by Joshua Kummins
WILMINGTON, Mass. — The Boston Bruins are just weeks away from opening defense of their Stanley Cup title at the TD Garden, but the team is giving its newer faces a chance to make an impression during rookie camp this week at Ristuccia Arena.
A group of 22 NHL hopefuls participated in the second day of the week-long camp on Saturday and will continue on Sunday before a pair of games against the New York Islanders rookie bunch on Monday and Tuesday at Nassau Coliseum.
For local and national fans, there were a host of names that may be quite familiar from their days donning college sweaters.
Most notably was former Boston University defenseman David Warsofsky, who is living the dream as a Marshfield, Mass. native.
After the college season concluded with a quarterfinal loss to Northeastern in March, the Bruins assigned him to Providence where he posted three assists in ten games and is now competing for a spot in the “big leagues.”
“Everyone here is fighting for a job,” Warsofsky said. “It’s kind of a lifestyle now. At development camp (in July), you’re making a first impression, but now it really matters and the impressions that you make are the ones that the coaches remember…Every day, you are trying to do your best and prove what you can do out there.”
Bruins Assistant General Manager Jim Benning said that the rookies have had a strong camp so far, working really hard and competing during the first couple practices.
Benning talked about the advantage that the likes of Warsofsky and former Miami standout Carter Camper have over the other players in camp: college experience.
“They’re a little bit older and if they’re a little bit older they’re a little more mature physically,” Benning said of the post-college aged players. “I think in successful organizations there’s three levels of depth. We talk about depth on the NHL team, so there’s competition from within for jobs and for ice time.”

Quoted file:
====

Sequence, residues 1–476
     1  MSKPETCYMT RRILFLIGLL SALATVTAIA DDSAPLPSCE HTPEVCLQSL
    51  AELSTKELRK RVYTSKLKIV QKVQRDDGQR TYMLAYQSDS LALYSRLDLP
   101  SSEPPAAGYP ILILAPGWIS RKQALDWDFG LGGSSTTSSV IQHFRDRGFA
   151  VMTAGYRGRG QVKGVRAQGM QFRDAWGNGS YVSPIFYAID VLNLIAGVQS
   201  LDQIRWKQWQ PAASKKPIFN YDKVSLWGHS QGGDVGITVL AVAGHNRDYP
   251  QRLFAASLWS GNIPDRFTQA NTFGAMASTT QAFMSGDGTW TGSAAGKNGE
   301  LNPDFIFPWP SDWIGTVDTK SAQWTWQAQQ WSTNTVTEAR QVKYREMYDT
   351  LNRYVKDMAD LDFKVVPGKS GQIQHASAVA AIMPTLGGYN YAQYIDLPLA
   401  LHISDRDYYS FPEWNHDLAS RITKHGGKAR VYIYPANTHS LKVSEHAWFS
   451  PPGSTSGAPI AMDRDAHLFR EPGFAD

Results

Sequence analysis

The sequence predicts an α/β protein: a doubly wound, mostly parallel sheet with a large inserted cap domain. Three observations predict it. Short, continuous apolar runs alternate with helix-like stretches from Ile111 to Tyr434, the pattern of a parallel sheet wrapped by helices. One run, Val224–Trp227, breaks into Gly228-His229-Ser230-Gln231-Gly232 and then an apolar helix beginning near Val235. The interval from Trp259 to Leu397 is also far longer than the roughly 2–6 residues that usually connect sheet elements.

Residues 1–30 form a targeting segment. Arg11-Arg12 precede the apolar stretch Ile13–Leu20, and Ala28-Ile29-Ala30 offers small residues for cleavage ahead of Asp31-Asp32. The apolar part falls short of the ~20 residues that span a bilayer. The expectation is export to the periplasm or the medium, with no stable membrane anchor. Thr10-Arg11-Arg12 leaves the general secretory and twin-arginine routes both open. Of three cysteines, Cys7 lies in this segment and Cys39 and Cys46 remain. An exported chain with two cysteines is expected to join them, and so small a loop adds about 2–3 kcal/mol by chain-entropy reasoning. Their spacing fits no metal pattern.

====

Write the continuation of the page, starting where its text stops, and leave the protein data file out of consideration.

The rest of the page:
“Our second level or tier of depth we talk about is guys that have signed pro contracts and are looking to make the big team and playing in the AHL. So David Warsofsky’s in that group. And Colby Cohen (former BU teammate and current Providence Bruin) is in that group and they’re looking to push for an NHL job.”
Camper was a strong player during his four years at Miami whose point scoring increased every season, topping out with a career-high 38 assists and 57 points during his senior season.
Those numbers were second only to fellow Redhawk Andy Miele, who captured the Hobey Baker Award as the nation’s best male collegiate player.
“He’s not big but he’s quick and he’s strong,” Benning said of Camper. “He’s strong on the puck and he makes plays…He’s got the hockey sense and the hands and the skill to compete with the older guys so we’re looking to him to be producing offensively and he should have a good camp for us.”
Another familar collegiate name that is on the rookie roster is Notre Dame’s Calle Ridderwall, who hails from Stockholm, Sweden. He scored 16 goals and 25 points for the Irish last year and took 122 shots, which were second-most on the team.
Californian natives Kyle MacKinnon and Kevan Miller will be familiar to those that followed Hockey East over the past four years.
MacKinnon, a native of Walnut, Calif., posted three points in five games with the P-Bruins after four years down the road at Providence College. Miller played in six games after graduating from Vermont, where the Los Angeles native was a two-year team captain.